One in six Australian couples is affected by infertility. But even that large number isn't the full picture of fertility issues experienced by women and couples.
The bigger picture of fertility includes up to 25 per cent of women of child bearing age who are affected by polycystic ovarian syndrome, and around 10 per cent with endometriosis.
That's a lot of women struggling with the physical implications of what often boils down to hormone imbalance.
While these are physical issues, some practitioners are looking at a possible mind-body connection – that is, how your psychological state can affect your fertility and hormones.
Cath Corcoran, who describes herself as a fertility psychologist, worked for many years as a psychologist in hospitals and private practice, but shifted her focus when she began working with people using IVF.
"People who are going through IVF need to debrief about going through this stressful experience," Corcoran explains. "I felt there was still another layer to their conception and fertility issues, so I started helping people release some of the psychological hooks that are behind some of these issues."
One of the biggest factors Corcoran finds women dealing with is stress. "A lot of women I see are high functioning, and they aren't actually aware that the stress is impacting on their body and fertility," she explains.
We all need to take better care of ourselves, she suggests. "When you're not making time for yourself, and when you're working at a 7 to 10 out of 10 all the time, you're not realising how high the stress levels and cortisol levels in your body are," says Corcoran. "It's important to take time for yourself and have some down time."
There are also other psychological factors that can cause issues. These include partners being on a different page (one wants children desperately while the other is nonchalant, for example), or someone having worries based on their past or current relationship with their own parents.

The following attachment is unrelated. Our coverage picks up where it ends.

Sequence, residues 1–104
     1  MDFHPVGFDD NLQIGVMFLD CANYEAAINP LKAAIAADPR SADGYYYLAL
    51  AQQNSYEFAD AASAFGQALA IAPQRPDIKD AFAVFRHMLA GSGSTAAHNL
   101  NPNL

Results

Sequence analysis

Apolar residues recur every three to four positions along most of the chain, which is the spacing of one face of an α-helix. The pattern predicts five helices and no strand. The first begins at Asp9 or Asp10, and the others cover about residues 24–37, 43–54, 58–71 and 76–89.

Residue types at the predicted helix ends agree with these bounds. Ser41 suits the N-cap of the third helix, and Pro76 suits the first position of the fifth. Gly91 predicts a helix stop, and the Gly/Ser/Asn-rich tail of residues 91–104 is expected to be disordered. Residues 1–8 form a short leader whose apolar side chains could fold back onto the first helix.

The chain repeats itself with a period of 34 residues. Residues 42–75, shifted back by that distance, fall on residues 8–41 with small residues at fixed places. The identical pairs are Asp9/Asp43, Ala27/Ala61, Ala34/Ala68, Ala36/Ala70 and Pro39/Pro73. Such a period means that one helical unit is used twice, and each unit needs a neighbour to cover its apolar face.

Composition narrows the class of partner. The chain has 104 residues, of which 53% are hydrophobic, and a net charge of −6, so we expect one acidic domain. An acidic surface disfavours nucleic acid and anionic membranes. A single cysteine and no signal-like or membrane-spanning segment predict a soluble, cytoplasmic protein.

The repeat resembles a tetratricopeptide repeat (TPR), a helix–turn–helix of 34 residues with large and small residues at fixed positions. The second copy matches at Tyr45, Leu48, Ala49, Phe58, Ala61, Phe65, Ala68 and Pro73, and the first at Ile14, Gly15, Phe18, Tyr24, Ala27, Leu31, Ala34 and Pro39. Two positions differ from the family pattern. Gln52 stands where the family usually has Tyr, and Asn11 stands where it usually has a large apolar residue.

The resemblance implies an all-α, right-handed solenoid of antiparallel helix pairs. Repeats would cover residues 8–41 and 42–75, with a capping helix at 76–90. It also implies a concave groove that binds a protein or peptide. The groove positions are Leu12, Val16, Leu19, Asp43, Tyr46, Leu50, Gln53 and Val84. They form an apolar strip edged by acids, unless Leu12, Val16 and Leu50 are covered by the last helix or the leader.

"Some of the stuff sits there unconsciously and creates a block, and as soon as you're aware of it and start having couples counselling or discussions, it can actually make you feel a lot more at ease," says Corcoran.
Research into this field is yet to catch up, however anecdotes are positive. "I have the evidence in my own clinic that people are able to get pregnant after working through psychological strategies in conjunction with whatever they're doing for their physical fertility and conception," says Corcoran.
It's certainly an interesting field to watch, in the hope we can learn to combine safe holistic views to helping the many women and couples with fertility issues.
Practical ideas for managing your fertility mental health
- Manage your stress. We all have it and we all deal with it differently, but stress can be a thorn in the side for many people. "When you don't have a regular cycle, it can be related to stress," says Corcoran. "The stress can knock your hormones out of whack, so have a look at your stress management tools."
- Communicate well with your partner if you're trying to conceive. "Couples need to ensure they're on the same page and you need to voice any fears or concerns you have, even if they're tiny," Corcoran says.
- Delve into your past. It could be time to deal with any past issues, like fears from a first pregnancy or birth, your relationship with your parents or things you're worried about handing down to your own future children. "Voice and journal these, so you're not trying to push the feelings down and ignore them," advises Corcoran.
- Sleep! "If you're not getting enough sleep, then your cortisol and insulin are peaking while your dopamine and serotonin are down," Corcoran says.
- Exercise regularly. Corcoran says, "Exercise is about staying healthy, but also about getting your hormones in sync, because it will burn the cortisol and adrenalin."